Researchers modified Half-Life 2 to study whether violence makes a game more enjoyable for players. The short answer: It does not.
In the study, published Friday in the Personality and Social Psychology Bulletin, researchers surveyed more than 2,500 "frequent game players" and conducted four experiments on more than 300 college undergraduates. "We found that, on average, violent content didn't add to motivation for play," said lead author Andrew Przybylski of the University of Rochester, which cooperated with Orlando-based think tank Immersyve on the project.
"The reason why children gravitate to something like 'Halo,' 'Halo 3' or 'World of Warcraft' or 'Team Fortress' isn't necessarily because they want to get at the blood or the acts of violence," he said.
Here's how they determined it. Using Half-Life 2, players were given either a shotgun weapon or a psychic power. Players with a shotgun were told they were in a kill-or-be-killed scenario, and deaths were rendered in a very bloody and violent way. The psychic power gamers "were essentially playing a game of tag," and when they were able to hit an opponent with the ability, "the person just floated up very serenely into the air before evaporating."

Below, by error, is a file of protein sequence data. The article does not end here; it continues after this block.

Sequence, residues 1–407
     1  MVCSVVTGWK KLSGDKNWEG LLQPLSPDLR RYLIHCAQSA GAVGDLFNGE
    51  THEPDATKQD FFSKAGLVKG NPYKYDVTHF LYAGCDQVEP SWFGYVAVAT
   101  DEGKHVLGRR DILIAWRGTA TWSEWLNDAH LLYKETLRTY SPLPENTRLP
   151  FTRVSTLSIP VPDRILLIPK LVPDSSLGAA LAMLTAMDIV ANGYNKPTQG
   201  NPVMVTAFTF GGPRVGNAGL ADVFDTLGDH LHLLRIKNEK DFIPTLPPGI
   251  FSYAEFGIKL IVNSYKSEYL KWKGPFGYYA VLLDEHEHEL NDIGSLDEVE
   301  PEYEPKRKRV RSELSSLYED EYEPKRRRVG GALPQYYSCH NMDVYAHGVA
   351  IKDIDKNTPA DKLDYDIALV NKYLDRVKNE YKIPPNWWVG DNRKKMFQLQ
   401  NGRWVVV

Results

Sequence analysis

After playing, the study subjects were asked how fun the game was and if they'd like to play it again. There was not enough of a difference in the two groups' responses to determine that violence had any affect on its perceived fun.
Craig Anderson, the director of the Centre for the Study of Violence at Iowa State University, lauded the studies' methodology and said they made a strong contribution to understanding video games, how they're designed, who plays them, and why.
Przybylski said the findings should encourage designers to make games that make players feel like they're competent, can act autonomously, and stay connected with other players
"That's probably a better place for them to put their efforts than being able to very realistically depict someone's arm falling off," he said.
Blood and Gore Don't Make Games More Enjoyable: Study [Canadian Press]